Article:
At its regular Tuesday meeting, Berkeley City Council discussed potential measures to include on the November 2020 ballot as well as whether to prioritize certain items in light of the COVID-19 pandemic.
During the meeting, City Council reconsidered items to be listed on the ballot, including revisions to the city charter and several new taxes to cover certain expenses. In light of the economic distress caused by the COVID-19 pandemic, the question for council members then became whether and how to survey citizens about what should remain a priority come November.
“As we are facing a deficit, the more we can save costs, I think, the better,” said Berkeley Mayor Jesse Arreguín. “We really need to think about what needs to move forward now and what needs to wait until 2022.”
Among revenue items discussed were a parcel tax to help fund emergency services, a residential vacancy tax and a user tax on ride-sharing services such as Uber and Lyft.
The discussion centered around the questions of how voters would respond to a survey under such distressing circumstances and whether measures on tax increases remain feasible given the economic fallout created by the pandemic.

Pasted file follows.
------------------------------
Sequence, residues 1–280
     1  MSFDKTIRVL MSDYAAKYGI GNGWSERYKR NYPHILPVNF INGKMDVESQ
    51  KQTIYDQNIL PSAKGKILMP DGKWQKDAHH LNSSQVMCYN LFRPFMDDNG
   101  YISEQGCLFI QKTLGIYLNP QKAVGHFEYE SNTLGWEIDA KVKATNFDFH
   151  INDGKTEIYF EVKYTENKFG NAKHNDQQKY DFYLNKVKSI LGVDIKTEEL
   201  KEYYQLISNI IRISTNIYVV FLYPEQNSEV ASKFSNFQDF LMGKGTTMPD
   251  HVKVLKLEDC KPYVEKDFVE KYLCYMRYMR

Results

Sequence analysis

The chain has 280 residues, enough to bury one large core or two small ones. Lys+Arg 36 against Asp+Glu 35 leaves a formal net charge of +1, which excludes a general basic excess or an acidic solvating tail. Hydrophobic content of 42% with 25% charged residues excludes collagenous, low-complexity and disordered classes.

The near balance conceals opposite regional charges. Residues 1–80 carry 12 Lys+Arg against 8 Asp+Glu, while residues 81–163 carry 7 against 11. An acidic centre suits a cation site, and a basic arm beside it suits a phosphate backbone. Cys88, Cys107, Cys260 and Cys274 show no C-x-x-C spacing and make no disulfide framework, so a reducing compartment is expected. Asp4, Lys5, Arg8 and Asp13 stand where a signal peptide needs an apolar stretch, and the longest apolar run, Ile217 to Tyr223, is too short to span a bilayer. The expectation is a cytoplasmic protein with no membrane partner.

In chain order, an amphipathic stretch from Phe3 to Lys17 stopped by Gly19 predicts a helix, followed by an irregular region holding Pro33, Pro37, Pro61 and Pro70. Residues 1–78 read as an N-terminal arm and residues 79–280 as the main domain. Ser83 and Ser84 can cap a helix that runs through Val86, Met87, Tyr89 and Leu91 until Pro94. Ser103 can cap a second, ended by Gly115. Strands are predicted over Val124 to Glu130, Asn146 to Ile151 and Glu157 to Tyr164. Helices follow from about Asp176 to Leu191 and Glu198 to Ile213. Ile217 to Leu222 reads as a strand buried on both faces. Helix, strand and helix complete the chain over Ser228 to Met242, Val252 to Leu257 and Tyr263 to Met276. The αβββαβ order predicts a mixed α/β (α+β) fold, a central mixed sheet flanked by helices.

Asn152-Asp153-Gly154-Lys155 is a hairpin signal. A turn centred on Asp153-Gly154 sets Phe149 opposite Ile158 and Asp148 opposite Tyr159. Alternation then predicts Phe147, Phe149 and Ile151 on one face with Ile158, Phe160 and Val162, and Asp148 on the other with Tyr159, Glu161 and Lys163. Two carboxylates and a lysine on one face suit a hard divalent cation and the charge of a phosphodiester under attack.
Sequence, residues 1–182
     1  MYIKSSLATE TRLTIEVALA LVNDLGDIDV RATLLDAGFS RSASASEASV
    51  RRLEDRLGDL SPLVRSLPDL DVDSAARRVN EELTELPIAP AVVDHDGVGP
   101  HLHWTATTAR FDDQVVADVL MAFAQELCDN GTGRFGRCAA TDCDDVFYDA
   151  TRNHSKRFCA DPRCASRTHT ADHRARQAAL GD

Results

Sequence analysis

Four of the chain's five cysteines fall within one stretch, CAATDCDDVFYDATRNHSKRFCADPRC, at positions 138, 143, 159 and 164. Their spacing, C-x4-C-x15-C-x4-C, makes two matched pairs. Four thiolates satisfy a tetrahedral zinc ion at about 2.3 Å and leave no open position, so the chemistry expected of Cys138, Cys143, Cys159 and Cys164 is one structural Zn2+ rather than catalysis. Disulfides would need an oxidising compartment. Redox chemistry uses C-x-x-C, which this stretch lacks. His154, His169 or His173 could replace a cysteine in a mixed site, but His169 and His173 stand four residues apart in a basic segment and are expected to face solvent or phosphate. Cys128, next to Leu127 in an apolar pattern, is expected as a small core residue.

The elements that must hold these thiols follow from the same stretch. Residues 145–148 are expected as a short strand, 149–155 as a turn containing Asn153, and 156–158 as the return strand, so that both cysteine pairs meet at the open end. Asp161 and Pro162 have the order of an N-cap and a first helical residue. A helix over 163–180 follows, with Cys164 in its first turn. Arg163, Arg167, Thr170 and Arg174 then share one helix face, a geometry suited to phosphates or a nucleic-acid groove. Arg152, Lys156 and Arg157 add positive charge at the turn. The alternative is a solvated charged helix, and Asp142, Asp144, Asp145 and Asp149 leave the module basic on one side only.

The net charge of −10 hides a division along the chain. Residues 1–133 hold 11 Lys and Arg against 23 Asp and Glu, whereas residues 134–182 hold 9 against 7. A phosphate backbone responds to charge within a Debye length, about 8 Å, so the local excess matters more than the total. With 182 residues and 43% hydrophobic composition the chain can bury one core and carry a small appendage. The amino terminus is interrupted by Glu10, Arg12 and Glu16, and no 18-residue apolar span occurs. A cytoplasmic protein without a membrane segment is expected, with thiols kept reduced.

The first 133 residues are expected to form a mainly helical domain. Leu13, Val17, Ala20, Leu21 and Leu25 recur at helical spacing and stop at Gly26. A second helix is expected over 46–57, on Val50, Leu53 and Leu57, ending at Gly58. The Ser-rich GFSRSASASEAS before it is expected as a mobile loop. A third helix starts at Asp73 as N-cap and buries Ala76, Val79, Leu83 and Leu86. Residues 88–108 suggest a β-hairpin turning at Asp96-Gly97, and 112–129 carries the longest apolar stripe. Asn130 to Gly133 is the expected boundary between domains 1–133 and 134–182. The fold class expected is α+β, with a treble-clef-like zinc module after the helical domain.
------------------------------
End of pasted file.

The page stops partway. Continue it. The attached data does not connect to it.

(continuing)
City Council ultimately voted to refine the number of items on the survey and to include a proposal from Arreguín to add language about funding the city’s response to future public health emergencies to the emergency services items.
Later in the meeting, City Council discussed the possibility of adding a charter amendment regarding the full-time status and salaries of council members and the mayor — all of whom are currently considered to be only part-time employees — to the November ballot.
“This is a full-time job and the expectation is that it’s a full-time job because that’s what it takes to run a city like Berkeley,” said City Councilmember Kate Harrison at the meeting. “We have to encourage young people and people of color to go into this field, otherwise the dais is going to continue to look like me.”
The item was ultimately moved to City Council’s June 2 meeting.
An item related to funding case management services for Youth Spirit Artworks’ Tiny House Village was also postponed to another meeting after concerns were voiced over whether the organization would be able to make use of the money during the pandemic.
Sally Hindman, executive director of Youth Spirit Artworks, reassured City Council during public comment, although the item was ultimately continued.
“We have not stopped in any way the work that we have been doing as a result of COVID-19,” Hindman said at the meeting. “I would be extremely disappointed if there was any reason whatsoever for the funding for this to be delayed or slowed down.”